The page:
Musk Neuralink Opens Applications for Second Human Trial

The news comes a week after the company disclosed a malfunction with its brain implant deployed in the first human patient

Scarlett Evans, Assistant Editor, IoT World Today

May 21, 2024

2 Min Read
Getty Images

Elon Musk’s brain implant startup, Neuralink, has opened applications for a second participant in its human trial, testing the efficacy of its brain chip connecting people with mobility issues to smart devices.

Musk confirmed the news on X, (formerly Twitter), including a video of the first human patient to receive the implant, Noland Arbaugh, speaking about his experience.

“Neuralink is accepting applications for the second participant,” Musk wrote. “This is our Telepathy cybernetic brain implant that allows you to control your phone and computer just by thinking.

“No one better than Noland himself to tell you about the first!”

View post on X

The news comes just a week after the company disclosed issues with its first in-person deployment, with several wires connecting the chip to Arbaugh’s brain detaching and causing a decline in functionality.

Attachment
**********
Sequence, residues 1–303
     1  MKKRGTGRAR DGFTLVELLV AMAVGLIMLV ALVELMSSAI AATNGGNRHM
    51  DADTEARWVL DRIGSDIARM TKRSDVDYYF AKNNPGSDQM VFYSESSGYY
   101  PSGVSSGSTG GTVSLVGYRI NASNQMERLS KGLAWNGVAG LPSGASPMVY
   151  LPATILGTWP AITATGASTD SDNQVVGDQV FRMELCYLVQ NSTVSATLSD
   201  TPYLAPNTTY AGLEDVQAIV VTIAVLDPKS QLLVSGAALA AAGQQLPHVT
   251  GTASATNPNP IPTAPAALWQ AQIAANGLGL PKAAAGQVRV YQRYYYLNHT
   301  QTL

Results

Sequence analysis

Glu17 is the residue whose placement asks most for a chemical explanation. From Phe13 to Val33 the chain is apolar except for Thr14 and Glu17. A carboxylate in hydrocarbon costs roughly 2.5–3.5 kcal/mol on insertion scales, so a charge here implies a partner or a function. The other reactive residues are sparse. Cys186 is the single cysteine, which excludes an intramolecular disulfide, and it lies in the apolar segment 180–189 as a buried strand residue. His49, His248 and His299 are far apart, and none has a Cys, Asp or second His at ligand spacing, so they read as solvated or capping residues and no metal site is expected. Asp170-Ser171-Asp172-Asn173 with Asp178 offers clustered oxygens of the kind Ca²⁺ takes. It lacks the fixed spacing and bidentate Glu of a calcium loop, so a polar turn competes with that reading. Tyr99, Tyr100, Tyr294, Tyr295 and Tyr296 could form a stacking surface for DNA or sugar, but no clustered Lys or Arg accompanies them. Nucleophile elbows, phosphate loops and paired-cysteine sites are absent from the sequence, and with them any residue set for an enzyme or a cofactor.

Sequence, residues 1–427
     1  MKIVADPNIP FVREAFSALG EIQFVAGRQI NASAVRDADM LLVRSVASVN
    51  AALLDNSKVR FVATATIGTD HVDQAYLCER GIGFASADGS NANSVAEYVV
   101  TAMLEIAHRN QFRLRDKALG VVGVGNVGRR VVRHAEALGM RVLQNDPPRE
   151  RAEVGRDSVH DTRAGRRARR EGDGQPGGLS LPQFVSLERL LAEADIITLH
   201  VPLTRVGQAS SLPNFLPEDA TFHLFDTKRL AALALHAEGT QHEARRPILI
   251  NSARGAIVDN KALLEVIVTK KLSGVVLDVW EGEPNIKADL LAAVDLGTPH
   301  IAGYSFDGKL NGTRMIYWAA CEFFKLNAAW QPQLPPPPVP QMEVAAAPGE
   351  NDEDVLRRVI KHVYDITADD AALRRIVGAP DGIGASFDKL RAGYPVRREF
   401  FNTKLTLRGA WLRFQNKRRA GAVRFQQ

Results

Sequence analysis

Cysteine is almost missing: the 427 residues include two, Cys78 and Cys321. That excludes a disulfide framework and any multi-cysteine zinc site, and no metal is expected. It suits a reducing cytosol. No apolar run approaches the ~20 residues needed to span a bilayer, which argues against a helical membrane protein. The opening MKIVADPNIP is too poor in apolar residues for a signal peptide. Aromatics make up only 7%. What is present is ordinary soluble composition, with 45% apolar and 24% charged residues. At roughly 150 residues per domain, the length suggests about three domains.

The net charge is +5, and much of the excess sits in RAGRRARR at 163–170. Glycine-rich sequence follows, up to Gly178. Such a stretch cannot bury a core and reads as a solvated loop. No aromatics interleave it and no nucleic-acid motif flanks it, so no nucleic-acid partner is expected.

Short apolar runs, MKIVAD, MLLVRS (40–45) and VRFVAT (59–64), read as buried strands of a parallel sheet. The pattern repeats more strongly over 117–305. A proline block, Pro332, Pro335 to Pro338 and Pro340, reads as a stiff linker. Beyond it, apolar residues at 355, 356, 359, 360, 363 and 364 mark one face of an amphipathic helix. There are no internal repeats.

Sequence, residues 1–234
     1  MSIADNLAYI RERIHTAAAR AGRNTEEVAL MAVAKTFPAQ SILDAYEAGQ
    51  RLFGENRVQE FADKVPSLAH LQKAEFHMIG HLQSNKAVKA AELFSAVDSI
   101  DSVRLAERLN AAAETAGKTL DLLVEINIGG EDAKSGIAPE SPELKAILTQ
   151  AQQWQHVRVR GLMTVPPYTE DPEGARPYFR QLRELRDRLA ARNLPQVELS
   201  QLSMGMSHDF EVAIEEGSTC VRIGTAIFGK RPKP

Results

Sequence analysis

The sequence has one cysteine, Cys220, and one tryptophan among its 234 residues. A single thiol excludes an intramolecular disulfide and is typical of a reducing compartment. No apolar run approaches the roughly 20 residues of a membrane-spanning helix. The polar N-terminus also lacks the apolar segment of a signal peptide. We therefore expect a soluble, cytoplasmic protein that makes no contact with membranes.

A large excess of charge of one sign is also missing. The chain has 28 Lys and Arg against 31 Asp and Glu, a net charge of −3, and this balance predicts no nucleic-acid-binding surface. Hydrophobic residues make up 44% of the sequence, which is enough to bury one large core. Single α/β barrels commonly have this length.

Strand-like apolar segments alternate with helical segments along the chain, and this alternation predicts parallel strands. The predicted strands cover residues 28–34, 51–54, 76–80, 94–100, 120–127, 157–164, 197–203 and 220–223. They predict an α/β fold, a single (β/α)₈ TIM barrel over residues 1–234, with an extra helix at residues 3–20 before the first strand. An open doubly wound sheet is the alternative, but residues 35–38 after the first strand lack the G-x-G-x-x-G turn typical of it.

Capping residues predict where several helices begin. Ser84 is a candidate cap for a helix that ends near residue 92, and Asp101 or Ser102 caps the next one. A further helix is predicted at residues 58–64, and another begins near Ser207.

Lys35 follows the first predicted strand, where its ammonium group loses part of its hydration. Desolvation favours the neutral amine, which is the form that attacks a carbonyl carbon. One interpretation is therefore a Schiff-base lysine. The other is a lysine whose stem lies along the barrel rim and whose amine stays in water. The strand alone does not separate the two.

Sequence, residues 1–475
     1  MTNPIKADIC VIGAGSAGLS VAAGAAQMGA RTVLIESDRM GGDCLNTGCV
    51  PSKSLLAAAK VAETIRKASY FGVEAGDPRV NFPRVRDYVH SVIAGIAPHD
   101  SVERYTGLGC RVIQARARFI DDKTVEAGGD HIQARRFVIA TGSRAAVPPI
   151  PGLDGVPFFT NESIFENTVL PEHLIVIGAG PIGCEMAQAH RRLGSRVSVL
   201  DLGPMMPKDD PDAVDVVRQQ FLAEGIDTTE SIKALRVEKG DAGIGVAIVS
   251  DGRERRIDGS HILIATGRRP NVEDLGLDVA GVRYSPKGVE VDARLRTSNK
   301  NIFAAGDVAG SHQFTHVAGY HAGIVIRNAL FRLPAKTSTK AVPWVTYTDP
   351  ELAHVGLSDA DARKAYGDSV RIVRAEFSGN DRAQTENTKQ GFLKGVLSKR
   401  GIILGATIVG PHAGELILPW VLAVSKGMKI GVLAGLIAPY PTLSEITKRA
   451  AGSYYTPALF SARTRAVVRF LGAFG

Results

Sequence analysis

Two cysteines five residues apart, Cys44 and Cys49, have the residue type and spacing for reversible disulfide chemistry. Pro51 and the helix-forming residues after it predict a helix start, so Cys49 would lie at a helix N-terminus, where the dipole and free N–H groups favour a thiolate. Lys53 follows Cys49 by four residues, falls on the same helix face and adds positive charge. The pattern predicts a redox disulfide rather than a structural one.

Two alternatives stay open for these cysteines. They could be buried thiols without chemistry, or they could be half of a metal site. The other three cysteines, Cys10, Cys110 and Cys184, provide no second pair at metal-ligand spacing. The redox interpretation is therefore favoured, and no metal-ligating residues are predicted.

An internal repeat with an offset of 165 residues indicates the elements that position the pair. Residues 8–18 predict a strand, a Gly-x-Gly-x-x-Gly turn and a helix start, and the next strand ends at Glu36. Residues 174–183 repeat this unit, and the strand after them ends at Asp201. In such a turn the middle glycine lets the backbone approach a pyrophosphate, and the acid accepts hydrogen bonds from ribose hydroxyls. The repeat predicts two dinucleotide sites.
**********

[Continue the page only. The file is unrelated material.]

In the same announcement, Neuralink said the problem was resolved, with the chip operating at a level “that has now superseded [the patient’s] initial performance.”

Neuralink announced it had successfully completed its first implant of the brain chip in January, deployed in Arbaugh who is living with quadriplegia after a diving incident.

The chip, dubbed Telepathy, is designed to allow users to control smart devices such as phones or tablets with their minds.

Related:Musk Neuralink Reports Issue With First Implanted Brain Chip

Since it was fitted, Arbaugh has been able to control a computer mouse with only his thoughts and play video games including Mario Kart.

“Enables control of your phone or computer, and through them almost any device, just by thinking,” Musk wrote on social media at its launch. “Initial users will be those who have lost the use of their limbs.

“Imagine if Stephen Hawking could communicate faster than a speed typist or auctioneer. That is the goal.”

View post on X

About the Author(s)

Scarlett Evans

Assistant Editor, IoT World Today

Scarlett Evans is the assistant editor for IoT World Today, with a particular focus on robotics and smart city technologies. Scarlett has previous experience in minerals and resources with Mine Australia, Mine Technology and Power Technology. She joined Informa in April 2022.

Sign Up for the Newsletter
The most up-to-date news and insights into the latest emerging technologies ... delivered right to your inbox!

You May Also Like